I had posted photos of my snowblower back when I first built it up.
Over the years I've made some improvements to it so I thought I would show it to you guys again.
I bought a 1980 Toro Groundsmaster back in 2003 and this is how it looked at the time.
This is how it looks today.
These tractors were built to use for golf coarse maintenance.
Because this tractor has the enclosed cab, it may have had a Toro snowblower or a plow but I didn't get either one of them with it.
The engine in this is a Continental 4-cylinder and is water cooled so the cab has heat in it for winter comfort.
The heater box sets on top of the steering column, right behind the windshield.
This way it blows heat up to defrost the windshield first than back to heat the cab.
When I first got it I searched for a Toro snowblower to go on it but was not able to find one.
So I adapted a 48 inch snowblower off a John Deere tractor.
I added a wing to one side of the blower so it clears a 54 inch wide path.
Here is how it looked when I first got the blower mounted on.
A shot of me using it for the first time.
As you can see, it did a good job of handling snow that was as deep as the height of the blower.
Unfortunately, the snow would some times be deeper than that and it would push over the top of the blower and get under the drive wheels.
So I added a valance to the top of the blower'
That worked fine until the snow started to blow into deeper drifts.
I then welded a piece of angle iron to the front corner of the wing to form a cutter bar.
This will now cut thru snow that is up to 3 foot deep.
The wing on the side of the blower extends out from the blower at an angle.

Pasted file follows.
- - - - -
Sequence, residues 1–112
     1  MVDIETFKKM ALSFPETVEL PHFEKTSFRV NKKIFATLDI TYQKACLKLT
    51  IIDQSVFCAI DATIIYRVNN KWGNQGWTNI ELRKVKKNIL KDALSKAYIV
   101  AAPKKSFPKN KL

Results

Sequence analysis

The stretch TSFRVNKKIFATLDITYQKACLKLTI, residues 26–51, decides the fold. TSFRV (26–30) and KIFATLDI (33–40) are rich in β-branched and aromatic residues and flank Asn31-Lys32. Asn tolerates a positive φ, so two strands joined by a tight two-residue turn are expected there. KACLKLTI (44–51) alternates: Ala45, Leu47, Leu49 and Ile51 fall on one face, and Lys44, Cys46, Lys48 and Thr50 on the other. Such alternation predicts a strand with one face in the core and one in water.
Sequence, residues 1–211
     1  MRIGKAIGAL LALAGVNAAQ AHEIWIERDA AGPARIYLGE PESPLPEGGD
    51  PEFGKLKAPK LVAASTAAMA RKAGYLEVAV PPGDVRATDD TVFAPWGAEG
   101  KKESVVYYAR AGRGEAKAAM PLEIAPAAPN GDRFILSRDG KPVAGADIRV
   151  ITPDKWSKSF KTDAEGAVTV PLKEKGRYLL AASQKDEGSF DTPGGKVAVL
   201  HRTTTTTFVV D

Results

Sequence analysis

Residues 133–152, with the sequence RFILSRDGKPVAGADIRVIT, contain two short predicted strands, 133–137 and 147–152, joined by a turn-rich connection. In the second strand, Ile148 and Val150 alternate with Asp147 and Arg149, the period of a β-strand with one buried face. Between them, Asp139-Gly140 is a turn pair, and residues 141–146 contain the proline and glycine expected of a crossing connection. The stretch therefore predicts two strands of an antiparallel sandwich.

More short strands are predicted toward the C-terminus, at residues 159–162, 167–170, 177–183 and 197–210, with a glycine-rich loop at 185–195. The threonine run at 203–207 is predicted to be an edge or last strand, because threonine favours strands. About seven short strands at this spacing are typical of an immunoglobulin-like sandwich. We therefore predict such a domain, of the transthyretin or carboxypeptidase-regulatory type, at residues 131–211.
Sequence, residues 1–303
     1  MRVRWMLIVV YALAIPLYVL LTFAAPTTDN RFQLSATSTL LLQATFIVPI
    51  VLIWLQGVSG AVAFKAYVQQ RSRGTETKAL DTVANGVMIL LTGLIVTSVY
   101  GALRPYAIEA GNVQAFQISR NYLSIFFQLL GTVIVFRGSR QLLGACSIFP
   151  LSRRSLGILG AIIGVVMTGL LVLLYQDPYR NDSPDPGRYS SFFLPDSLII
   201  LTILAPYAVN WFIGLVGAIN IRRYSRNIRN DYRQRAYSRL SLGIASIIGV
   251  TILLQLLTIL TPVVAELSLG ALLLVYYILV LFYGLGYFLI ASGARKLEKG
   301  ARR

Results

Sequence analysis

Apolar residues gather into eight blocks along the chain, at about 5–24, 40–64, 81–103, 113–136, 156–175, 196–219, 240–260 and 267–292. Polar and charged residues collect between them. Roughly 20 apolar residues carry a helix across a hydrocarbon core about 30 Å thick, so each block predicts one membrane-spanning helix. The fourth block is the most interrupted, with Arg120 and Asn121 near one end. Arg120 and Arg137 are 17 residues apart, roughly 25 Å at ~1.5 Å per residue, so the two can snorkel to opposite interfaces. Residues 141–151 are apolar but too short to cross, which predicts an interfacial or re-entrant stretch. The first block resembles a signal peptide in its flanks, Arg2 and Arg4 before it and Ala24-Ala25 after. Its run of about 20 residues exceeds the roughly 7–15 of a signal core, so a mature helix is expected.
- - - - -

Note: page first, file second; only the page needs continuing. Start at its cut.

This caused a problem in heavy or deeper snow as it would pull the blower sideways into the snow bank.
To correct this, I added a skirt to the side of the blower that rides up along the side of the snow bank and stops the blower from being pulled sideways.
You can see here the the angle iron cutter blade is mounted so the it sits out in front of the blower itself.
This, along with the angle of the wing, pulls the snow down in front of the blower.
This works really good now.
With the extra height of the valance on the blower, I ran into a problem with the snow chute.
Sometimes, when the chute was facing straight forward, the snow would pile up on top of the blower between the chute and the back of the valance and clog the chute.
At first, I made up a flat panel that bolted onto the lower part of the front of the chute.
However, this made it so the chute would clog real easy in heavy snow.
So I added an extension to the chute and that took care of the problem.
The snowblower is mounted to the arms that are used to mount the mower deck on these tractors.
It is raised and lowered by an arm the is hydraulically controlled.
The snowblower is driven with a driveshaft from the Toro tractor.
The driveshaft connects to a jackshaft that has a chain that connects down to the right angle drive on the blower.
When I first got this all together, the engine had the type of air cleaner that was mounted on the right side of the tractor ( you can see it in the first photo of the tractor ).
The carburetor would freeze up with this air intake system.
I made up a metal "heat box" that sits on top of the muffler and the air for the engine is drawn thru this heat box.
I never had any more problems with the carb freezing up.
Last winter was the coldest that we have had for a long time.
I ended up putting an electric water heater on the engine so I can plug it in about a half hour before I go out and snowblow.
This makes it easier for the engine to start and I don't have to wait for the engine to heat up before I have heat in the cab.
I have been using this tractor for removing snow since 2003 and I'm very pleased with the way it has worked out.
Edited by jdcrawler, December 09, 2014 - 05:53 PM.